"At the very least, the pickets must have hoped to exert sufficient pressure so that foreign vessels would be forced to raise their operating costs to levels comparable to those of American shippers, either because of lost cargo resulting from the longshoremen's refusal to load or unload the vessels, or because of wage increases awarded as a virtual self-imposed tariff to regain entry to American ports. Such a large-scale increase in operating costs would have more than a negligible impact on the 'maritime operations' of these foreign ships, and the effect would be by no means limited to costs incurred while in American ports." 415 U.S. at 114, 94 S.Ct. at 965, 39 L.Ed.2d at 202
Picketing to protest an employer's payment of wages and benefits below the established "area standards" is in furtherance of a primary dispute with the picketed employer. Cf. San Francisco Local Joint Executive Board of Culinary Workers v. N.L.R.B., 501 F.2d 794 (D.C.Cir.1974) (area standard picket and § 8(b)(7) of NLRA, 29 U.S.C. § 158(b)(7)); Centralia Building & Construction Trades Council v. N.L.R.B., 363 F.2d 699 (D.C.Cir.1966) (area standard picket and § 8(b)(7) of NLRA, 29 U.S.C. § 158(b)(7)); Claude Everett Construction Co., 136 NLRB No. 28 (1962) (area standard picket and § 8(b)(7) of NLRA, 29 U.S.C. § 158(b)(7)); Calumet Contractors Association, 133 NLRB No. 57 (1961). (area standard picket and § 8(b)(4) of NLRA, 29 U.S.C. § 158(b)(4))
The Court in Mobile specifically approved those cases holding that the Board has jurisdiction under Section 8(b)(4) of secondary activities directed at domestic conditions even though the primary employer is a foreign entity. 419 U.S. at 225, n.10, 95 S.Ct. at 415, n.10. See Madden v. Grain Elevator, Flour and Feed Mill Workers, International Longshoremen Association, Local 418, 334 F.2d 1014 (7th Cir. 1964), cert. denied, 379 U.S. 967, 85 S.Ct. 661, 13 L.Ed.2d 560 (1965); Grain Elevator, Flour and Feed Mill Workers, International Longshoremen Association, Local 418 v. NLRB, 376 F.2d 774 (D.C.Cir.1967), cert. denied, 389 U.S. 932, 88 S.Ct. 296, 19 L.Ed.2d 285 (1967). In the Grain Elevator cases a Canadian union's labor dispute with a Canadian shipper resulted in a secondary boycott in this country, directed against an American employer by an American union and involving employees working in a domestic plant of the American employer. Although the primary dispute between the two foreign entities was not within the NLRB's jurisdiction, the secondary boycott was held to "affect commerce" and thus to be within the jurisdiction of the Board. The American union's objective was to prevent the American employer from doing business with the Canadian shipper and thus to embroil the American employer in the foreign labor dispute. The objective was to influence action in the United States, not abroad. The union activity was designed to affect directly the American employees in their relationship with their American employer, thus bringing the Grain Elevator cases more closely in line with Ariadne, where the Act was applicable, than with Windward, where the Act was inapplicable. While we think that the Grain Elevator cases are distinguishable from the present cases, the distinction is solely one of degree and we cannot say that a bright line can be drawn between them and the present cases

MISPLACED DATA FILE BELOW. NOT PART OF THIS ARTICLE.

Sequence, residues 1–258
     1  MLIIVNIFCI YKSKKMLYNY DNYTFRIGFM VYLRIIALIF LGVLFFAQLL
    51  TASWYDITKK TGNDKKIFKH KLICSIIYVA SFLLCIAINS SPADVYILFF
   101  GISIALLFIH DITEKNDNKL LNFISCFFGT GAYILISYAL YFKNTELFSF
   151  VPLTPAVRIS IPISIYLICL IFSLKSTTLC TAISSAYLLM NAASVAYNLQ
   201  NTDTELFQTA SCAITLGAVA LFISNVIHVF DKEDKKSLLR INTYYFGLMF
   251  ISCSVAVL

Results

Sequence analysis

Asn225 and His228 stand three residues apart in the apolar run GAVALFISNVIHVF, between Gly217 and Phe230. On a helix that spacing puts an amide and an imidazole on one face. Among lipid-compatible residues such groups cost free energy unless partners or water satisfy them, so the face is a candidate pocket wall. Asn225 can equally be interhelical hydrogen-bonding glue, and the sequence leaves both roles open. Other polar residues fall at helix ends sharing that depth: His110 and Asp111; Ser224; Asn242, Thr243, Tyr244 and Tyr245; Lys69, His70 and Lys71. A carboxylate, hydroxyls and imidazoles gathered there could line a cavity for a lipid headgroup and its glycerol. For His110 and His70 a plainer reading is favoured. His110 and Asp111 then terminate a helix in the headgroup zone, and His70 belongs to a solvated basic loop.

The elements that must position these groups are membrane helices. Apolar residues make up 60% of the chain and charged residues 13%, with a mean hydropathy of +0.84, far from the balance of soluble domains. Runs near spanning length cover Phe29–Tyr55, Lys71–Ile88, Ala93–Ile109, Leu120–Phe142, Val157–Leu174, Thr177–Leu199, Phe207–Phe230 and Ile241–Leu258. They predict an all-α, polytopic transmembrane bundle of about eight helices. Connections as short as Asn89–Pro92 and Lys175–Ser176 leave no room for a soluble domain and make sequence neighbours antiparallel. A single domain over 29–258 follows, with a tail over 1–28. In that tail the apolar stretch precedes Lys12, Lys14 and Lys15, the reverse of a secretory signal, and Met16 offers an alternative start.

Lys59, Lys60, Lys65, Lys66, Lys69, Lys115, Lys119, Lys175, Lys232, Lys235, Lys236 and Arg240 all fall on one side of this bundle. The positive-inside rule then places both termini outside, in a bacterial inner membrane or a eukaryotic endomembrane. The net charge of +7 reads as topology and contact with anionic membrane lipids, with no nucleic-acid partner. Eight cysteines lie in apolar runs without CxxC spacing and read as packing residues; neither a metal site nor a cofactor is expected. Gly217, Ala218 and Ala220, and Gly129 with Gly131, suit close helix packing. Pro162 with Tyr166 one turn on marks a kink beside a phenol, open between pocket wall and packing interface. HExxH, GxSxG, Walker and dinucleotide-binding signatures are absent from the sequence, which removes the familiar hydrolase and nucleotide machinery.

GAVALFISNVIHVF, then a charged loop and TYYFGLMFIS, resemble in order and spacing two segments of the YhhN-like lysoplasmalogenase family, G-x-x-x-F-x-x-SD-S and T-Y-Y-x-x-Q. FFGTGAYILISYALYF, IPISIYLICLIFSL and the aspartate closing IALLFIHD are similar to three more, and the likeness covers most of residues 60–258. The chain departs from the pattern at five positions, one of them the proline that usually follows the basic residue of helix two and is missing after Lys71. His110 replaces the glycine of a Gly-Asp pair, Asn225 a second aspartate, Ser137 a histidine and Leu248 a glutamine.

The NLRB attempts to support its claim that political disputes can come within the Board's jurisdiction over secondary boycotts by relying on this court's footnote in United States Steel Corp. v. United Mine Workers, 519 F.2d 1236 (5th Cir. 1975), cert. denied, 428 U.S. 910, 96 S.Ct. 3221, 49 L.Ed.2d 1217 (1976). In that case the mine workers strike was "in the nature of a political strike, . . . not aimed at United States Steel at all, but rather at the national policy of this country's permitting the importation of South African coal." 519 F.2d at 1247. We observed in a footnote that this case was argued on a Boys Markets theory and that "United States Steel has a remedy for a secondary boycott through an NLRB § 10(l) injunction, 29 U.S.C. § 160(j) . . . See NLRA § 8(b)(4), 29 U.S.C. § 158(b)(4) . . . ." 519 F.2d at 1247, n.23. The observation does not amount to a conclusion that the union's activity would be found to constitute a secondary boycott within the Act; it merely refers to the remedies available if such a secondary boycott did exist. We read no more into it. If there are intimations of a conclusion that the facts give rise to a secondary boycott, these overtones are purely dicta